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From: "Jean Rice" <>
Subject: [IGW] Helen HAYES (1900-1993) -- The "First Lady of Theater."
Date: Sat, 1 Feb 2003 12:39:25 -0800


BIO: At the age of five, Helen HAYES (1900-1993) began an acting career that spanned much of the century and led to her being called the "First Lady of Theater." A native of Washington, D. C., she made her Broadway debut at the age of 10. In 1918, she won high praise for her role in "Dear Brutus" and from then on her fame grew steadily. In 1928 she married the playwright Charles MacARTHUR. Helen became a leading player in works by Shaw, O'Neill, and Shakespeare. Many critics consider the role of Queen Victoria in the play "Victoria Regina" (1935) her greatest success. Some of her other leading roles were in "What Every Woman Knows" (1926), "Coquette" (1927), "Mary of Scotland" (1933), "The Glass Menagerie" (1948); "The Wisteria Trees (1955), and "A Touch of the Poet" (1958). She made several radio and television appearances. In 1955, the Fulton Theater in NY was renamed the Helen Hayes Theater in her honor.

Ms. Hayes would win roles in several of Eugene O'NEILL's plays. At one point, Helen received a telegram from the playwright when she appeared in a live performance of "The Straw" on her nationally broadcast radio program. As was the custom in radio days, the performance was aired twice, once for the East Coast audience and once for the West. Between shows, Helen Hayes received this telegram from Eugene: "It is seldom that a playwright has the privilege of hearing his character realized exactly as he had imagined it. Tonight, you have given me that." Later in her career, after O'Neill's death, Ms. Hayes would take the stage role of Mary Tyrone in "Long Day's Journey Into Night," which became her final appearance on Broadway.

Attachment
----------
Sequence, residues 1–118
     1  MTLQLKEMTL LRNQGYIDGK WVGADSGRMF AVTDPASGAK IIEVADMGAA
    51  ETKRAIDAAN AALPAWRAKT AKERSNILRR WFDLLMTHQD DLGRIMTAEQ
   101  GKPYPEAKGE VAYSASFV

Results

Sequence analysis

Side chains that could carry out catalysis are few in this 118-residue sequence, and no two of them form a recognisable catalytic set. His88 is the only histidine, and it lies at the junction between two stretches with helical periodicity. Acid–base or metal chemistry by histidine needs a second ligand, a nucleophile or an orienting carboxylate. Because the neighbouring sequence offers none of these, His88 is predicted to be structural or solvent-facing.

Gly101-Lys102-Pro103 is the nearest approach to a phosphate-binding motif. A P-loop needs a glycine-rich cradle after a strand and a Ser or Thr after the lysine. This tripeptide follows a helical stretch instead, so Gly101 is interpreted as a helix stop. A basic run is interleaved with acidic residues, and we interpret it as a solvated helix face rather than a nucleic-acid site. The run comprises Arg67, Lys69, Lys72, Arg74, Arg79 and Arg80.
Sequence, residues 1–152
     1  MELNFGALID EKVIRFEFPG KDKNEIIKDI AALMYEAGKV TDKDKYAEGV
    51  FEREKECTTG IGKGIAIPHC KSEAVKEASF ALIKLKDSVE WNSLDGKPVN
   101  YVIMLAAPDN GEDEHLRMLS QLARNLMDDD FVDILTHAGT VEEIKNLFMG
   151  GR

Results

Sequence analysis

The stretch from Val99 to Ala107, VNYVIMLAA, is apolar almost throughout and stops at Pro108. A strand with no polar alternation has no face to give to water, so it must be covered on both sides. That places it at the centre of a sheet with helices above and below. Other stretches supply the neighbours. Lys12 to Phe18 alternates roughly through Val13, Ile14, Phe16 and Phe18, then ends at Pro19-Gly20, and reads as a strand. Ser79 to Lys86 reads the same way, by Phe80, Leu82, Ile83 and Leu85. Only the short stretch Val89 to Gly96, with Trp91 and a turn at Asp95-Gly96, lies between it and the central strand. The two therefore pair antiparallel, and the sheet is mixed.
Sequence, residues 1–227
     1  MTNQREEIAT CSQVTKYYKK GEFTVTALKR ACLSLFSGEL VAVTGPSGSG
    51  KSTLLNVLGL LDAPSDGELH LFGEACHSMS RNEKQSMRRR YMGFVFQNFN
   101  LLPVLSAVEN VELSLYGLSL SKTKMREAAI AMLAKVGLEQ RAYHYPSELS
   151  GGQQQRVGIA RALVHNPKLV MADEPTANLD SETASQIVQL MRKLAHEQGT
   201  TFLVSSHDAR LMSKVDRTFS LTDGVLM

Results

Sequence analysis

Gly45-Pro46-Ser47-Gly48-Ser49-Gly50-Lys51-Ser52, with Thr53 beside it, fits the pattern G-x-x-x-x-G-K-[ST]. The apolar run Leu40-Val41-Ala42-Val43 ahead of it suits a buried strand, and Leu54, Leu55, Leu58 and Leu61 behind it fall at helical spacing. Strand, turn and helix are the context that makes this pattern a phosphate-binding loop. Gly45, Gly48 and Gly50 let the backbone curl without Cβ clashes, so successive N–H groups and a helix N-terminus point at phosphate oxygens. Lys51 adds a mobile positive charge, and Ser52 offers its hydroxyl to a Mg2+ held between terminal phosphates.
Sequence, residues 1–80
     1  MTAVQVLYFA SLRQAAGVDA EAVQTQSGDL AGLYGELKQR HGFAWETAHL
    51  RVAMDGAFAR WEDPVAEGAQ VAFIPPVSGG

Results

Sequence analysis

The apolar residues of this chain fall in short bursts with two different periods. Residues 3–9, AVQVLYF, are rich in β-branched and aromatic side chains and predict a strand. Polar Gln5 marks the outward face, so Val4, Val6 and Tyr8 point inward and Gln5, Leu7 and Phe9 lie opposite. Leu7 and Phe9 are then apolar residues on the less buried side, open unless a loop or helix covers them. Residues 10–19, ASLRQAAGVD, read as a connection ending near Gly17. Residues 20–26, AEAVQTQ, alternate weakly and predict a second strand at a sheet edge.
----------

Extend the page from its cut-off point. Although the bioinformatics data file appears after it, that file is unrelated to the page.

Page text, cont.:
Helen Hayes (who took the maiden name of her mother) was a child prodigy pushed onstage by her mother, Catherine Hayes Brown. Catherine was the daughter of Famine immigrants who rejected Catholicism and heritage in the pursuit of American glamour and success. Catherine married a man named Francis Van Arnum BROWN, whose slightly better-off family had come to America in the 18th century and whose parents were greatly disapproving of their son's marriage to an Irish "scamp." The marriage failed - Catherine harbored dreams of becoming an actress and putting what she saw as the drudgery of domestic life to a meat salesman. She eventually found her way into small-time show business for awhile, but it was through her daughter Helen that her dreams would be realized and Catherine could bury the past and find the better life that she yearned for.

Helen's own upbringing was scarred by the legacy of her impoverished and alcoholic Irish immigrant grandfather, Patrick Hayes, although he died before she was born. His tyranny at home apparently drove his children into early marriages to get out of the house and the drinking habit was passed on to some of children. Patrick Hayes's unforgiving demeanor and dark moods ( no doubt made all the darker by an accident that left him blind in one eye) had sent him further into the false comfort of alcohol which subsequently helped to shorten his life. There was another side to Patrick, however. His job with the government had paid for a small house and allowed him the time to indulge in his favorite hobby - Shakespeare. In fact, Patrick Hayes hoped one day to translate the Bard's works into Irish, an indication that theatrical blood ran in the Hayes family.

A versatile actress on stage and screen, Helen HAYES' work in Hollywood earned her two Oscars -- for as best actress in her first film, "The Sin of Madelon Claudet," and as best supporting actress in the 1970 film "Airport."


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